The Ellie Butts family with Ellie, who has brittle bone disease. PayItForward donated over $2,000 to the family. (Credit: Gina Grundmeier)
Accentra Credit Union presents PayItForward with a check. (Credit: Gina Grundmeier)

Stories About the Community Price and Spirit Committee

The Community Pride and Spirit Committee has:

— Created the Community Home Improvement Program (CHIP), a collaboration with Habitat for Humanity and the Austin Housing and Redevelopment Authority. Eligible homeowners can receive volunteer help such as painting, landscaping or other exterior work, grants, and low-interest loans to complete needed exterior repairs.

CHIP volunteers help repair the gutter on the home of a needy neighbor. (Credit: Laura Helle)

— Created Peer Power Partners, a youth mentoring program that pairs young people with peers who have physical or intellectual disabilities to cultivate friendships and increase understanding. Peer Power Partners started at one school and has since been added to two more.

— Launched a Spread the Spirit campaign to highlight the impact of volunteers and encourage acts of kindness throughout the community.

Pre-school children give valentines they made to seniors at the nursing home. (Credit: Laura Helle)

— Started a Good Graffiti program to cover up unsightly street art with positive messages and images.

— Hosts a free outdoor movie a few times a year to encourage getting to know your neighbors.

— Sponsored appreciation gestures, including pre-school children delivering handmade valentines to seniors in nursing homes, visiting patients in the infusion therapy center of the clinic, and students presenting flowers to school teachers and staff.

Apple Lane children present flowers to teachers and staff in appreciation of what they do. (Credit: Laura Helle)

Stories About PayItForward Inc.

There are probably a hundred articles on the variety of projects, but to summarize a few:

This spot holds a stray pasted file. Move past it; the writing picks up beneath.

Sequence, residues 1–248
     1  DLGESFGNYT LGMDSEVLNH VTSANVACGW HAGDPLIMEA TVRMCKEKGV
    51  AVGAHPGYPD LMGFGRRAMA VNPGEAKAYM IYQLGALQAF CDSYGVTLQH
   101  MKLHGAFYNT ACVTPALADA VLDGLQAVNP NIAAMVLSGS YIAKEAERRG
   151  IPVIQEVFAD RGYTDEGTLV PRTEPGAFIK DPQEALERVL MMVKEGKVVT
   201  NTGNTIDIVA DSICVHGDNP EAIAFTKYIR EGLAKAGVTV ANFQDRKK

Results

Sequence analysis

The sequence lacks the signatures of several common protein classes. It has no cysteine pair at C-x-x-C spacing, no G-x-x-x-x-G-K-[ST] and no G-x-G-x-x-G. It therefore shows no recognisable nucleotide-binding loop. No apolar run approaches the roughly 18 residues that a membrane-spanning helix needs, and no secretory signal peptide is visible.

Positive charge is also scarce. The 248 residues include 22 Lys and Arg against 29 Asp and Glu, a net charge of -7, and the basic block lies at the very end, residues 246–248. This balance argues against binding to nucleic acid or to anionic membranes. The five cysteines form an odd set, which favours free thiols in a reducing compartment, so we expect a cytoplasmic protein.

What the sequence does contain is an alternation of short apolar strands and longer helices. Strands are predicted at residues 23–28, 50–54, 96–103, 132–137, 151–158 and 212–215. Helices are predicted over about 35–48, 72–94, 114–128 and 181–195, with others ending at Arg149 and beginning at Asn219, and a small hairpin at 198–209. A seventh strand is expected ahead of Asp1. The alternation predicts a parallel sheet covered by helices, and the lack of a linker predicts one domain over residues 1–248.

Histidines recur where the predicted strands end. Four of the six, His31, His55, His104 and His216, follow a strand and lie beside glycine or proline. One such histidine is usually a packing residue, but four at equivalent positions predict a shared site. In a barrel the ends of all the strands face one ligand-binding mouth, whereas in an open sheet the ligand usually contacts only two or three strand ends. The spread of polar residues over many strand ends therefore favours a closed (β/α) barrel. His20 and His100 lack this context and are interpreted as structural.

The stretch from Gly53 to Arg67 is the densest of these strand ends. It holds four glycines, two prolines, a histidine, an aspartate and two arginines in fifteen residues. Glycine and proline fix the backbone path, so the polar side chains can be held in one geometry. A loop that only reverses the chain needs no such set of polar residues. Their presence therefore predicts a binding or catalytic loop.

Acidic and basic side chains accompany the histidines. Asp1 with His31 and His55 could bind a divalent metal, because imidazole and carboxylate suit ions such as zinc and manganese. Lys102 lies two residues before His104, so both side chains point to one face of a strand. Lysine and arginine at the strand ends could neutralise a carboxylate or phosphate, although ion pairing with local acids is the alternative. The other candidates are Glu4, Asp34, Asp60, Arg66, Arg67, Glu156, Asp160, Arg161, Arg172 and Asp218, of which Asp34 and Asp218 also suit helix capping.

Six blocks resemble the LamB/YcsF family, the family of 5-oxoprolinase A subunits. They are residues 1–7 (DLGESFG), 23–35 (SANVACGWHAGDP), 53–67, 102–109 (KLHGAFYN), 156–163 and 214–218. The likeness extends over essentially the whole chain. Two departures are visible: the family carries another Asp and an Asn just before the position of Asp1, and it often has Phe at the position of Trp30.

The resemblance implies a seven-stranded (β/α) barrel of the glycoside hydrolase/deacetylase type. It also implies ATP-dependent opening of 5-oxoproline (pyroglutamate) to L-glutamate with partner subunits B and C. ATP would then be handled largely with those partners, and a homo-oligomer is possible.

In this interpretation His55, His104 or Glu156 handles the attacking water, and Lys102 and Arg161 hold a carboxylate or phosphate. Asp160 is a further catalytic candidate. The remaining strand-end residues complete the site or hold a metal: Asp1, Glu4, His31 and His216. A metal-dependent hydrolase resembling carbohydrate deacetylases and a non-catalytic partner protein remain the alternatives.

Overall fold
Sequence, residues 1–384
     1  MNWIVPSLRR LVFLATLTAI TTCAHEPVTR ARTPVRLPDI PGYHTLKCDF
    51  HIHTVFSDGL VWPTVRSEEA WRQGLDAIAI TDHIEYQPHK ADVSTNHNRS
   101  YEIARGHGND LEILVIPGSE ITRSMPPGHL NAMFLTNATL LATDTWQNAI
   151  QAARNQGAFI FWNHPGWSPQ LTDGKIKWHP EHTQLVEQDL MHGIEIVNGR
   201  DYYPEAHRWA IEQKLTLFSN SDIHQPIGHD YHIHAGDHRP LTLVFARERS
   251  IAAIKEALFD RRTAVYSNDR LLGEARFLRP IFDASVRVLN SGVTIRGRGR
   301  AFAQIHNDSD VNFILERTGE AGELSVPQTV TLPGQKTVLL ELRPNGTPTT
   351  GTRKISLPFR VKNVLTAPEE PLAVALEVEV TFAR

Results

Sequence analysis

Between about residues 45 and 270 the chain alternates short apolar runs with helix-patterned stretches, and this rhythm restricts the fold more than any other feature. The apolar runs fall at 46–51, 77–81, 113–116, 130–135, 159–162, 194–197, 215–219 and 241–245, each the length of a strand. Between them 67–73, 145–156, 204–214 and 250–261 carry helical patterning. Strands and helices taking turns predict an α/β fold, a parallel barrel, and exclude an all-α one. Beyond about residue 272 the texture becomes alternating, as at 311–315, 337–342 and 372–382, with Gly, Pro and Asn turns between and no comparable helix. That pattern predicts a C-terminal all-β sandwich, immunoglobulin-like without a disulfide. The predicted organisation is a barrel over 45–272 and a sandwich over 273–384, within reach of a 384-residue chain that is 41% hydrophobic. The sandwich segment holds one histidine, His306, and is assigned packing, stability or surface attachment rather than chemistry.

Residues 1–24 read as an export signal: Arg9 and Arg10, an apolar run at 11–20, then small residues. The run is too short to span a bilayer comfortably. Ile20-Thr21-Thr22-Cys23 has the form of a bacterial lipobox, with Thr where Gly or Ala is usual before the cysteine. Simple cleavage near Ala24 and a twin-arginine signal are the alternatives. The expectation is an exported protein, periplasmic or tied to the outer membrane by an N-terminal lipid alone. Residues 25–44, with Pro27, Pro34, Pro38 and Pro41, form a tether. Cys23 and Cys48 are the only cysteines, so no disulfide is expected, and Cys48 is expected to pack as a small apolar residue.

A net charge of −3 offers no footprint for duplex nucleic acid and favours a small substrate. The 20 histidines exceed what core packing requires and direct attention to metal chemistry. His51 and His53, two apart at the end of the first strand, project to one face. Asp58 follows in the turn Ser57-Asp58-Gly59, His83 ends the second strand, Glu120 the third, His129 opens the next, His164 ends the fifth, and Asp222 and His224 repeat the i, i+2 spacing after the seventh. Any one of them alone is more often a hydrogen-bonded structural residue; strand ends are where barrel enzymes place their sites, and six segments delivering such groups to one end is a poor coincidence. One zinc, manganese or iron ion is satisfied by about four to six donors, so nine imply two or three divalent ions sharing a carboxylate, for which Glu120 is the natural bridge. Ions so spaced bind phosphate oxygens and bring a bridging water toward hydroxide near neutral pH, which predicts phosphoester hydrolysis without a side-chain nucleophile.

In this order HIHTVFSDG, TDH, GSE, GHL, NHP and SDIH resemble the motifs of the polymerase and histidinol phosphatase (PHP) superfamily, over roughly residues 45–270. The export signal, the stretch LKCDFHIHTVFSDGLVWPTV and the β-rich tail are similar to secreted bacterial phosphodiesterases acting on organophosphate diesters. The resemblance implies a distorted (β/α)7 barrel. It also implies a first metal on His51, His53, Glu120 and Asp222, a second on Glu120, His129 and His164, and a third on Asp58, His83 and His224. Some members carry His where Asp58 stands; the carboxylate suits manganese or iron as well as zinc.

— Held an auction to help raise money in support of a young couple whose baby was born with brittle bone disease.

— Helped an elderly gentleman replace a snowblower that was stolen.

Thorsen Tree Service volunteered for PayItForward to help remove 30 dead trees from an elderly couple’s yard. (Credit: Gina Grundmeier)

— Installed a water heater and repaired plumbing lines for a sober house that was just starting up.

— Performed needed repairs to the local Matchbox Theatre for children.

— Purchased a grill for a recovery house for male teenagers.

— Hosted five major bathroom/home renovations over the past five years for family or couples in need. This past year’s project was nearly $65,000, with the renovation of a bathroom, kitchen, and landscaping, as well as installing new piping, a water heater, softener, furnace, and air conditioner.

The PayItForward crew poses for a photo during a 2014 house renovation project. (Credit: Gina Grundmeier)
Hugs after a house renovation reveal. (Credit: Gina Grundmeier)
Having some fun during a house renovation project. (Credit: Gina Grundmeier)
After one local child was diagnosed with cancer, the community came together to build him an adapted bathroom, and a second bathroom for the rest of the family. (Credit: Gina Grundmeier)

More Information:

— Five Years of PayItForward

— Emotional renovation reveal

— Paying it forward after tragedy